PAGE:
The SetSigmaBellShape method creates a gradient falloff based on a bell-shaped curve. Much like SetBlendTriangularShape, this method takes two parameters representing focus and scale (the focus parameter is optional) whose values vary from 0 to1. Listing 9.23 shows the SetSigmaBellShape method being used.

LISTING 9.23: Using the SetSigmaBellShape method

        private void Form1_Paint(object sender, PaintEventArgs e)
        {
            Graphics g = this.CreateGraphics();
            g.Clear(this.BackColor);

            // Create a rectangle
            Rectangle rect = new Rectangle(20, 20, 100, 50);

            // Create a linear gradient brush
            LinearGradientBrush rgBrush =
                new LinearGradientBrush(
                rect, Color.Red, Color.Green,
                0.0f, true);

            // Fill rectangle
            g.FillRectangle(rgBrush, rect);
            rect.Y = 90;

            // Set sigma bell shape
            rgBrush.SetSigmaBellShape(0.5f, 1.0f);

            // fill rectangle again
            g.FillRectangle(rgBrush, rect);

            // Dispose of object
            g.Dispose();
        }

Figure 9.32.jpg

FIGURE 9.32: Using the SetSigmaBellShape method

Figure 9.32 shows the output from Listing 9.23. The first image starts with red and ends with green. After the sigma bell shape is set, the image's center is green and its starting and ending edges are red.

Now let's compare the effect of SetSigmaBellShape and SetBlendTriangularShape. Listing 9.24 draws three rectangles: one using the LinearGradeint brush with no effect, one using SetSigmaBellShape, and one using SetBlendTringularShape.

LISTING 9.24: Comparing the effect of SetBlendTriangularShape and SetSigmaBellShape

        private void Form1_Paint(object sender, PaintEventArgs e)
        {
            Graphics g = this.CreateGraphics();
            g.Clear(this.BackColor);

            // Create a rectangle
            Rectangle rect = new Rectangle(0, 0, 40, 20);

            // Create a linear gradient brush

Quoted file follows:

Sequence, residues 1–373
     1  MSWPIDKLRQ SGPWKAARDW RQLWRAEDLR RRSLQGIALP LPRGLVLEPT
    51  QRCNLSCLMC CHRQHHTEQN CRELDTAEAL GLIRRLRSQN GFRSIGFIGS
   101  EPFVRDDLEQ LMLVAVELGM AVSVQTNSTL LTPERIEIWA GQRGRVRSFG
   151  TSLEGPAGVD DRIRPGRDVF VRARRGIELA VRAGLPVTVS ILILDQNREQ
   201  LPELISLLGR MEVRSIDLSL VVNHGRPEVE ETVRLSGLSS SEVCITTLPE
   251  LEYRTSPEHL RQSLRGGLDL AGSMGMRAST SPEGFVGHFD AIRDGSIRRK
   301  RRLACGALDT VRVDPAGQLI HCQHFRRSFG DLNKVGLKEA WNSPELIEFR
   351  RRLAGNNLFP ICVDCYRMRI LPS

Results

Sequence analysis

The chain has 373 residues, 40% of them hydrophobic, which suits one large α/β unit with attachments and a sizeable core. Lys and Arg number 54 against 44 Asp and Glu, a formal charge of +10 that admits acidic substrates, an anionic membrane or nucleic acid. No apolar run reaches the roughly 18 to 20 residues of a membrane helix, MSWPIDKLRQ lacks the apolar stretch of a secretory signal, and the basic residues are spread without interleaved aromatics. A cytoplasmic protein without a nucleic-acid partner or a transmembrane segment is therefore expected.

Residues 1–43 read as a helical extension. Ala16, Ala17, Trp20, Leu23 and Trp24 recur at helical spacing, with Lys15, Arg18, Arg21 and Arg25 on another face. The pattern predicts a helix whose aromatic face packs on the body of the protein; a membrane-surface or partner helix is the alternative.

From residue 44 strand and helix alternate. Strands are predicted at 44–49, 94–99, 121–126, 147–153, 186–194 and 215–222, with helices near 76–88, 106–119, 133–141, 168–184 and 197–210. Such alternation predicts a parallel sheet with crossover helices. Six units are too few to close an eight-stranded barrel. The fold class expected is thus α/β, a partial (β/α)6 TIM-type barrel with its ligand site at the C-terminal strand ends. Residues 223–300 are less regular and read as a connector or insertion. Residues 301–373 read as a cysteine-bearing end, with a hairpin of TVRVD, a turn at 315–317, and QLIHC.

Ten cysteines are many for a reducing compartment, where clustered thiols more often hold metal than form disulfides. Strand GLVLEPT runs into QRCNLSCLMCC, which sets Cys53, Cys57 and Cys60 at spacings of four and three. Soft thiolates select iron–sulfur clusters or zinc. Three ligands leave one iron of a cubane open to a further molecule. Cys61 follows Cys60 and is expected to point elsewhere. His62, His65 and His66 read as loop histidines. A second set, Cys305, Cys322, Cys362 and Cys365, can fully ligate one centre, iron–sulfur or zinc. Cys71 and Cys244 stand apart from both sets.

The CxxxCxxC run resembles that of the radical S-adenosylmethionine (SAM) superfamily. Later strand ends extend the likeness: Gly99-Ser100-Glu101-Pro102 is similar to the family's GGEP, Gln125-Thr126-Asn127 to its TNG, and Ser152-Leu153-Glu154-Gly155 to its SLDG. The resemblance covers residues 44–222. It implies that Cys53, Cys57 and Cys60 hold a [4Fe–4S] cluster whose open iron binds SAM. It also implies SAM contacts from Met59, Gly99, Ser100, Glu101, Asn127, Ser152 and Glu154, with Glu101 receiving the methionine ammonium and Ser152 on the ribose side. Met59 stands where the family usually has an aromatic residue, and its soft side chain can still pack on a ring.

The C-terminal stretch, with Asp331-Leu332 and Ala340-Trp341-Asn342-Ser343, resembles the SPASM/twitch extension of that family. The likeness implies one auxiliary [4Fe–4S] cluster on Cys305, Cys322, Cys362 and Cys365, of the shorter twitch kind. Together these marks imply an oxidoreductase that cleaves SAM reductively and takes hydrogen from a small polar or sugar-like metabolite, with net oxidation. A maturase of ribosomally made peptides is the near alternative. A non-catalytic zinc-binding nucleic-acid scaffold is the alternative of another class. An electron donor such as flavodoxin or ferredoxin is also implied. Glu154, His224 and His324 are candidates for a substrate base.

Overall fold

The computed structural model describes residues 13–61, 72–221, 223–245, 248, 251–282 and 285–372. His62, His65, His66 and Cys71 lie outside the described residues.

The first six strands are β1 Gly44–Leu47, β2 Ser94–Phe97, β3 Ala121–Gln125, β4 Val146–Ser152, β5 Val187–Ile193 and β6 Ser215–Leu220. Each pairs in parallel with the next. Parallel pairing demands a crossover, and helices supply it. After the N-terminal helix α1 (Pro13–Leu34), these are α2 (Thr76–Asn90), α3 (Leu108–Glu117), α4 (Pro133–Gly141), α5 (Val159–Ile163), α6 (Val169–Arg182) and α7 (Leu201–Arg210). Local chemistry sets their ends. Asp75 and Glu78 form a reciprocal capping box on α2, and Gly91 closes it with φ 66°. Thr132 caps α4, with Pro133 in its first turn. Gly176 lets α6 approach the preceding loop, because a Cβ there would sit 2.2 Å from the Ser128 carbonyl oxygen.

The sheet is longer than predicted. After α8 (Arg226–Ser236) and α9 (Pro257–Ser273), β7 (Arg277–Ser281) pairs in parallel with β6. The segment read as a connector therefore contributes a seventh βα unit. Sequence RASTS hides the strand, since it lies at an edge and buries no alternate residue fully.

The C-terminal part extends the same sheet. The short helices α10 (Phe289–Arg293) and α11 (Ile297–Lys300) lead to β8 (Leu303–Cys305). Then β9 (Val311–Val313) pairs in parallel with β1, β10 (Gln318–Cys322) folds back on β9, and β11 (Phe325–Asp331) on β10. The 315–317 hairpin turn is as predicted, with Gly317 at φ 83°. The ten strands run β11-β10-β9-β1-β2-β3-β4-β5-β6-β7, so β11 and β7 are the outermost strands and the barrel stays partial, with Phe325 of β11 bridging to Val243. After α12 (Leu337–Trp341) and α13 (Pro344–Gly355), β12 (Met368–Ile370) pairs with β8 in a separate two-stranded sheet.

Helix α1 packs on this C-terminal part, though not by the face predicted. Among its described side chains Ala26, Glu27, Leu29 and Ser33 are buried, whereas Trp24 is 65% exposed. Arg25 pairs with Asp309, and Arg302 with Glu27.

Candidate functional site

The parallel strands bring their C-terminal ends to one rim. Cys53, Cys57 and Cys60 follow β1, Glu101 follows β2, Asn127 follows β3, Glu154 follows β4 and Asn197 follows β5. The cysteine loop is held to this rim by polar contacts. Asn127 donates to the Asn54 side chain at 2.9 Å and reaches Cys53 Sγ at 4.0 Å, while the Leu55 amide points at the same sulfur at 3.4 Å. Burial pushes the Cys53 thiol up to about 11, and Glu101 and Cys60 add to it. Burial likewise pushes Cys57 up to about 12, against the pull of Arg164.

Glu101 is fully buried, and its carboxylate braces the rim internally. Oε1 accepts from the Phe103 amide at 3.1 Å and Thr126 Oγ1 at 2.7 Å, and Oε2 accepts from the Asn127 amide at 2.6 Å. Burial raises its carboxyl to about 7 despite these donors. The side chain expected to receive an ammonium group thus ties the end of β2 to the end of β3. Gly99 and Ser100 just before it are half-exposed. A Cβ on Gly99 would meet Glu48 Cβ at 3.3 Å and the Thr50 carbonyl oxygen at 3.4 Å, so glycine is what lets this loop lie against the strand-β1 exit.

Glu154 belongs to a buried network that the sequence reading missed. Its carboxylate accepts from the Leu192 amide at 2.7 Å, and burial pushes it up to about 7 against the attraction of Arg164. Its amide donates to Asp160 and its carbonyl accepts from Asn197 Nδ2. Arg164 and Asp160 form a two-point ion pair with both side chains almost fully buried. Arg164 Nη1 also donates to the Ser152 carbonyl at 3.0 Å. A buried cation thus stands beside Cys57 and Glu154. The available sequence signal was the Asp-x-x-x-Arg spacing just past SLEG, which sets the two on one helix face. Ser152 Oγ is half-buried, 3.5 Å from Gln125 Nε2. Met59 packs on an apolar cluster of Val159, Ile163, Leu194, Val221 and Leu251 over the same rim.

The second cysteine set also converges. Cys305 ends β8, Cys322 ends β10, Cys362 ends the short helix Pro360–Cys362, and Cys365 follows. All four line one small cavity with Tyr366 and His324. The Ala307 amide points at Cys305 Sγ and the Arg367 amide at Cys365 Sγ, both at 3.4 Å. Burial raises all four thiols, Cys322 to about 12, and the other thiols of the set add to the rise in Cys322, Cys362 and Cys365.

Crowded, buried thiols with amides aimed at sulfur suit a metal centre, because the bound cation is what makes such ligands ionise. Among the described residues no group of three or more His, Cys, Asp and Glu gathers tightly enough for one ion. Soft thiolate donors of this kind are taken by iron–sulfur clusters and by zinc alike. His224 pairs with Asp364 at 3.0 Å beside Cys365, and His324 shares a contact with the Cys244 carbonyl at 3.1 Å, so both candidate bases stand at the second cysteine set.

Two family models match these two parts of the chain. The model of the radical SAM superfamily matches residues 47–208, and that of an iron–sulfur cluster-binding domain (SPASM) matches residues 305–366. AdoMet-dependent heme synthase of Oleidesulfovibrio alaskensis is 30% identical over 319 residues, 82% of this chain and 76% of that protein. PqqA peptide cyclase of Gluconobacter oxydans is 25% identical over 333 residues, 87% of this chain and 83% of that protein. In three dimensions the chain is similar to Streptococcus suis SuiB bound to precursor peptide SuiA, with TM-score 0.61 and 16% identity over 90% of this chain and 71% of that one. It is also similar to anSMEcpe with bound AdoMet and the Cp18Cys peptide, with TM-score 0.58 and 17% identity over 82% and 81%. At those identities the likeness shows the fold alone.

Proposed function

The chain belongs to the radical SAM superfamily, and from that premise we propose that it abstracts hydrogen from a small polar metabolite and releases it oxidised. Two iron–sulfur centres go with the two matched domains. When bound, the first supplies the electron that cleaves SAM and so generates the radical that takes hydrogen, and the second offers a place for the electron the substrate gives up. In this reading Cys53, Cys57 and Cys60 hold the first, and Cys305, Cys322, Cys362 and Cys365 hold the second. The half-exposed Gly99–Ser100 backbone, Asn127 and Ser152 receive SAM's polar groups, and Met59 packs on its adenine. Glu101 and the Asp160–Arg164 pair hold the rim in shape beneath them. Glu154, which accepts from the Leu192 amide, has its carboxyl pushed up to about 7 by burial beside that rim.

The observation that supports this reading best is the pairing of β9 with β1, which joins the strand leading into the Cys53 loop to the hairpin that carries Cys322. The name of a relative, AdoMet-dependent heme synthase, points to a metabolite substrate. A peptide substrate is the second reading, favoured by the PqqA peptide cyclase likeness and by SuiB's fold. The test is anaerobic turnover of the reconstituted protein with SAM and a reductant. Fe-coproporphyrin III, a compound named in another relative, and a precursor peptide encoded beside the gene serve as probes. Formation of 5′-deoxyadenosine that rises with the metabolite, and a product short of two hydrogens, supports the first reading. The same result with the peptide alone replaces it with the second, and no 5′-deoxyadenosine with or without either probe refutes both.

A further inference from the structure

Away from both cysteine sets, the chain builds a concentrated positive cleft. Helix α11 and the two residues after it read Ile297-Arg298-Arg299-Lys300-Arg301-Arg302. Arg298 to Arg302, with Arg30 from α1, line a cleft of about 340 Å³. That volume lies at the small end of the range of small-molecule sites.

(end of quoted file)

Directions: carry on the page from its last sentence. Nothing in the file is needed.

LinearGradientBrush rgBrush =
                new LinearGradientBrush(
                rect, Color.Black, Color.Blue,
                0.0f, true);

            // Fill rectangle
            g.FillRectangle(rgBrush, new Rectangle(10, 10, 300, 100));

            // Set sigma bell shape
            rgBrush.SetSigmaBellShape(0.5f, 1.0f);

            // fill rectangle again
            g.FillRectangle(rgBrush,
                new Rectangle(10, 120, 300, 100));

            // Set blend triangular shape
            rgBrush.SetBlendTriangularShape(0.5f, 1.0f);

            // Fill rectangle again
            g.FillRectangle(rgBrush, new Rectangle(10, 240, 300, 100));

            // dispose of object
            g.Dispose();
        }

Figure 9.33 shows the output from Listing 9.24. The first image is the original image, the second image is a sigma bell shape, and the third image is a blend triangular shape. SetBlendTriangularShape produces a glassy effect in the center of the color, and SetSigmaBellShape produces a faded effect.

Figure 9.33.jpg

FIGURE 9.33: Comparing the effect of SetBlendTriangularShape and SetSigmaBellShape

The first parameter of SetBlendTriangularShape and SetSigmaBellShape represents the center of the gradient (color), which varies between 0.0f and 1.0f, where 0.0f is the starting point and 1.0f is the ending point of the gradient.

Now let's change the center of the gradient by modifying the two relevant lines of Listing 9.24 as follows:

            rgBrush.SetSigmaBellShape(0.8f, 1.0f);
            rgBrush.SetBlendTriangularShape(0.2f, 1.0f);

The new output looks like Figure 9.34. The center of the gradient in the second and third images is visibly different.

Figure 9.34.jpg

FIGURE 9.34: Setting the center of a gradient

Conclusion

Hope the article would have helped you in understanding Blending Using LinearGradientBrush Objects in GDI+. Read other articles on GDI+ on the website.

bookGDI.jpg
This book teaches .NET developers how to work with GDI+ as they develop applications that include graphics, or that interact with monitors or printers. It begins by explaining the difference between GDI and GDI+, and covering the basic concepts of graphics programming in Windows.